expect a guest post...

i have been so super lax about posting that i felt like i owed all my readers (all 5 of you) a really GREAT post...

and i just didn't have it in me.

so i went to an expert...

my college roommate dina. mother of two amazing teenagers. leader of her church's youth group. putter upper with me for over 20 years. need i add more credentials?

so this week she has been hanging out at md anderson with another friend who is there for 6 weeks of treatment. and dina has been bragging about the yummy food. the lack of carpools to run. the absence of dr.'s appointments to get to. nary a bathroom to clean...

so i gave her an assignment... to write a guest post for me.

and for the FIRST TIME IN HER ENTIRE LIFE she did exactly what i asked her to do. so here is my first guest post... 

what to expect when you are expecting a teenager... by dina clarke

Expect Cat-like Behavior

I read a blog a couple years ago that explained the progression of our offspring’s behavior like this: First your children are like dogs.  As teen they become cats.  But don’t panic, they will be dogs again.

As a mother in the midst of parenting two teens, this made complete sense to me.  I have a dog. I can leave my house for a week or go to the end of the driveway to get the mail, and my dog is so happy when I walk back in the front door.  She barks and celebrates and can’t stop jumping up on me.  She is grateful for being fed. If I am upset with her, she grovels for forgiveness and hangs her head low in submission and regret. She sits in my lap whenever I sit down. When I leave the house she wants to go with me. She just loves to be near me.

Pre-teen children are like that. 

Then they become cats.

Cats like to call the relationship shots.  They sit with you when they want to.  They ignore you… a lot.  They usually show up when they are hungry and then they seem to accept the food you feed them with an attitude of, “Of course you feed me. You have to. Don’t expect me to thank you.” They are skittish and unpredictable and they change course on a dime. You go away for the day or a week and you are greeted with a bored yawn. The best way to deal with a cat is to not overly celebrate any attention, because they tend to run away when you seem to be enjoying their company. You have to be affectionate on their terms.  Be still and they seem to be drawn to you and the attention they apparently still crave (but act like they don’t). And if you discipline your cat, expect them to pee on something or scratch the furniture in revenge.


And teenagers are like that.  Even the sweet ones.  I remember when my daughter was about to graduate from high school and she was excited and anxious and nervous and ready and not ready.  She came in one evening in tears.  I jumped up from the couch, she jumped into my arms and said, “I love you so much.  I am going to miss you next year. And I am a little scared about leaving home.  But excited too. And I don’t know why I am crying.”  We hugged. I held on and encouraged.  Sweet moment.  No lie, thirty minutes later I walked in her room to ask her something and she bristled and snapped at me.  I walked away and thought to myself, “Meow.”


Doesn’t mean we let the cats call all the shots.  It means that we still love hard and discipline hard. It means we still put out the food and keep still and let them come to us.  It means we still lavish attention when accepted and praise even when it is not. And we remember what it was like to be in between childhood and adulthood and wanting so badly to feel confident and capable.  And at the same time to just crawl in Daddy’s lap and be told everything will be okay.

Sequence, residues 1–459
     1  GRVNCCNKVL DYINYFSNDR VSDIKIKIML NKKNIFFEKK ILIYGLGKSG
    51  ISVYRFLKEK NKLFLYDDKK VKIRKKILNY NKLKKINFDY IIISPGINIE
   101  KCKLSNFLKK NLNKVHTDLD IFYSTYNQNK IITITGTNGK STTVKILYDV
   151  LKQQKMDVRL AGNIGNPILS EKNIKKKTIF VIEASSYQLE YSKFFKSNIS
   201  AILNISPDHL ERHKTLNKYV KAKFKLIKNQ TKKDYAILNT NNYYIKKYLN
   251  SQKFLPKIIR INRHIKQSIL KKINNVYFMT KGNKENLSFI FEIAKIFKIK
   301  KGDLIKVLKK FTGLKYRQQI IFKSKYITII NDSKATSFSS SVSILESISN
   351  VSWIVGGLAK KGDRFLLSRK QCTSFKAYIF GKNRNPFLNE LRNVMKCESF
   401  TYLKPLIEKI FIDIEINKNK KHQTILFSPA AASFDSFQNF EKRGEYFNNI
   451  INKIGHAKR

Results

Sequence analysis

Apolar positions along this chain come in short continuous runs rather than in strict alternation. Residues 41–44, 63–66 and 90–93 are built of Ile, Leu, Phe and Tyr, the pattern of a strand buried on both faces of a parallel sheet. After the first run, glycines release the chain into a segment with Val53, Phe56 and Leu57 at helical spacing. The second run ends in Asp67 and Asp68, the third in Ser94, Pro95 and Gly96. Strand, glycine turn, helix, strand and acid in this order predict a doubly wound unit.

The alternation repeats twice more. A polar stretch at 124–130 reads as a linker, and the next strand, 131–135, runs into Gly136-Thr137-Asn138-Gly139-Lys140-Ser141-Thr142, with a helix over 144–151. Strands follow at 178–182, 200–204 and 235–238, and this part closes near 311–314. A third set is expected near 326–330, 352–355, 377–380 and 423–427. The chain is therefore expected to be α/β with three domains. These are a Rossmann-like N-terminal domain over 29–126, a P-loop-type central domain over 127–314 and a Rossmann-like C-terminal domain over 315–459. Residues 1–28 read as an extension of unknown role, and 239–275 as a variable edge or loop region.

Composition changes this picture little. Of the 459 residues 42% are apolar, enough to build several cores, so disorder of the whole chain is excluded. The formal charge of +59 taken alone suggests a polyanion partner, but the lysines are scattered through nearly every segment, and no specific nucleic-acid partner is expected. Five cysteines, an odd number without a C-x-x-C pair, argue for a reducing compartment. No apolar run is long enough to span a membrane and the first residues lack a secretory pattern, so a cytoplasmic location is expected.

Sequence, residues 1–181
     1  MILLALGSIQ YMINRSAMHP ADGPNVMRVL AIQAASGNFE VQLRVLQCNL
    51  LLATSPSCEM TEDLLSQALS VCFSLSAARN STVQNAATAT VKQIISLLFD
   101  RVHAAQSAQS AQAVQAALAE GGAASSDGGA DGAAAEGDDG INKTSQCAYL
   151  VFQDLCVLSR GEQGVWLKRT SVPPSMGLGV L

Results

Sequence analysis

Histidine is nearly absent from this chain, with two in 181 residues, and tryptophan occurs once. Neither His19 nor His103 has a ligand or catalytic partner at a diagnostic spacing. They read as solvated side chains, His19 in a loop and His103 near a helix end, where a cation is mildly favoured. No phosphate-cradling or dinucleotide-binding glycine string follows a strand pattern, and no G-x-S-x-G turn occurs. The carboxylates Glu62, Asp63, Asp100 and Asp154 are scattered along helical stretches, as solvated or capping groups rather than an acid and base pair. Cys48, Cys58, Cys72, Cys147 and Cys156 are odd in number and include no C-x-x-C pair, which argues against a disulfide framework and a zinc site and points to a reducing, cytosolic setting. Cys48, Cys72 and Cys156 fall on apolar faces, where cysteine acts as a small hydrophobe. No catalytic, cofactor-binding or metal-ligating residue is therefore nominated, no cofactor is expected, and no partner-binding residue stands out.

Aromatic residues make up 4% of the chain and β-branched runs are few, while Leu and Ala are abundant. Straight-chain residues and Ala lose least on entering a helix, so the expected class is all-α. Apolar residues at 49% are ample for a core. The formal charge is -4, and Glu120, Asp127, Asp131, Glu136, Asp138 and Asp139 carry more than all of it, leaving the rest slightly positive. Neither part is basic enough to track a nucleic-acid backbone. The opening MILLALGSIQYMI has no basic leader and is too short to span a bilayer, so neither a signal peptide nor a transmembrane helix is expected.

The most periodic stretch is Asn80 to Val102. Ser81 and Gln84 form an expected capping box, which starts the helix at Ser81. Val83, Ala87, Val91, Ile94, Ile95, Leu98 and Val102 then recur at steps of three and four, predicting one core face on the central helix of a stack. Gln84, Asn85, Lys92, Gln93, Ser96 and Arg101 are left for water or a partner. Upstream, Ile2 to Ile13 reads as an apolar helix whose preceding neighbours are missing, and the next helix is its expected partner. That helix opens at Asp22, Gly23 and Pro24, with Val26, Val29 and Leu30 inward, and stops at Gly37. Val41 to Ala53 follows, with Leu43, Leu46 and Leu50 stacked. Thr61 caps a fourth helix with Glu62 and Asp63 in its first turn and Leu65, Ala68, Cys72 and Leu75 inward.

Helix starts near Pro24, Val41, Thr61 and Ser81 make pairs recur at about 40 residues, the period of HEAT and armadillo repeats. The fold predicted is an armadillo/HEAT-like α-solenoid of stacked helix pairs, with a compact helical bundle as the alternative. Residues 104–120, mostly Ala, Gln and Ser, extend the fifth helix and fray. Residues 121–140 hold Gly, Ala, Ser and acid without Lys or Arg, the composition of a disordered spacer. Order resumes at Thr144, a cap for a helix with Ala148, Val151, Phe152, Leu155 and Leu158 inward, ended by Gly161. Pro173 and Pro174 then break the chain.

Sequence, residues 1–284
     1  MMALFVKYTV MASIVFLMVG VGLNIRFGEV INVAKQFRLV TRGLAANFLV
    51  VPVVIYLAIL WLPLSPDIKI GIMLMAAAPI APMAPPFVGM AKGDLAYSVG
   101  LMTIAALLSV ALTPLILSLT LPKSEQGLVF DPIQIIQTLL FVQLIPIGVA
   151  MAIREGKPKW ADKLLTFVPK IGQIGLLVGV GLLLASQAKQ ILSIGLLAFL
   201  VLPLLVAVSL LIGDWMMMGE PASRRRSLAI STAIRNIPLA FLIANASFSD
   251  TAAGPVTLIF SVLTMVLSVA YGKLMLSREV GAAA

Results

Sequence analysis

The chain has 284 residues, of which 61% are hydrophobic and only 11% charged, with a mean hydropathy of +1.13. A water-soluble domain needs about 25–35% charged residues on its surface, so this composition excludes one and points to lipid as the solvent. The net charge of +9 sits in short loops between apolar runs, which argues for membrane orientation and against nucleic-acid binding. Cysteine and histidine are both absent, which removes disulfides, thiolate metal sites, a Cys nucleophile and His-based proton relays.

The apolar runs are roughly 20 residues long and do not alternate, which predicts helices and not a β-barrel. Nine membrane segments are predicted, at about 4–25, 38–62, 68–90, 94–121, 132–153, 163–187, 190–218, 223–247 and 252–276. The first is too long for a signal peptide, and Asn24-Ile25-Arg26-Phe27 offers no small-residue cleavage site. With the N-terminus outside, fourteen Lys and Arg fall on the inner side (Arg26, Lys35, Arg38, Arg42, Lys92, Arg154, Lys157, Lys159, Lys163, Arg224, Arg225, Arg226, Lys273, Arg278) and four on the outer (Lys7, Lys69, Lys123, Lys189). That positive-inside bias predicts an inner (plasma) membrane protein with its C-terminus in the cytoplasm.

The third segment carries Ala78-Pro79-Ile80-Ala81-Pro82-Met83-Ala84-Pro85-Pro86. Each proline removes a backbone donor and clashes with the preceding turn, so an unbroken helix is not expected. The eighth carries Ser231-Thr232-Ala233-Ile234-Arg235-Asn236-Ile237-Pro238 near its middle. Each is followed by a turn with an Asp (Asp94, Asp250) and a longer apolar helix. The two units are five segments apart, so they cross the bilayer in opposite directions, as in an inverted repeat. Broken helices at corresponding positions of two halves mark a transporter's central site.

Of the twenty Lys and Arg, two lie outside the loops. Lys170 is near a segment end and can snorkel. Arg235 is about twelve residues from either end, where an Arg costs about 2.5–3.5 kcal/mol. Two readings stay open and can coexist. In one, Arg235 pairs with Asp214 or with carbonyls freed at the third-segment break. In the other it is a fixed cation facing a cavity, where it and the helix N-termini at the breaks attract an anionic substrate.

It means our worth must come from our being a child of the King and not from our teens’ attention or kindness or behavior or thankfulness. It means we celebrate when we see a little dogness in the midst of a lot of catness.

And it means we pray.  A lot. And trust the One who created the whole teenage process and loves us when we are inattentive and distant and forgetful.

I googled “How to train your cat” and it yielded some surprisingly good advice for teens for deterring unwanted behavior:

 1) Find the root of the problem: Many times, your cat isn't acting out just for the sake of it, but has a reason for his unbearable behavior. Your cat could just be having trouble adjusting to a new environment or may need more love and attention. If your kitty has previously had no trouble and is suddenly acting out, try thinking of some reasons that could be causing him to act badly.
2) Change its environment: Your cat may be exhibiting frustrated or upset behavior because of a bad past experience.
3) Reinforce good behavior with rewards: This will teach your cat that good behavior has positive repercussions, and make it more likely to continue doing it on its own even when it is not rewarded every time.

But my favorite is this:

4) Deter bad behavior. Cats dislike water and high-pitched noises. Next time you catch your cat committing the offense, squirt it with water and make a sharp "psssst" sound or shake a can of pennies at the same time. Try to position yourself so that the cat doesn't see you squirting it - you want it to associate the water with the bad behavior, not with your presence. Just remember that you should spend more time rewarding your kitty for good behavior than punishing it for bad behavior.

And one day, so they tell me, the cat is going to disappear.  And become a lovable, appreciative, attentive dog again.

Until then I may invest in a water bottle and a can of pennies.  I’m kidding.  Sort of.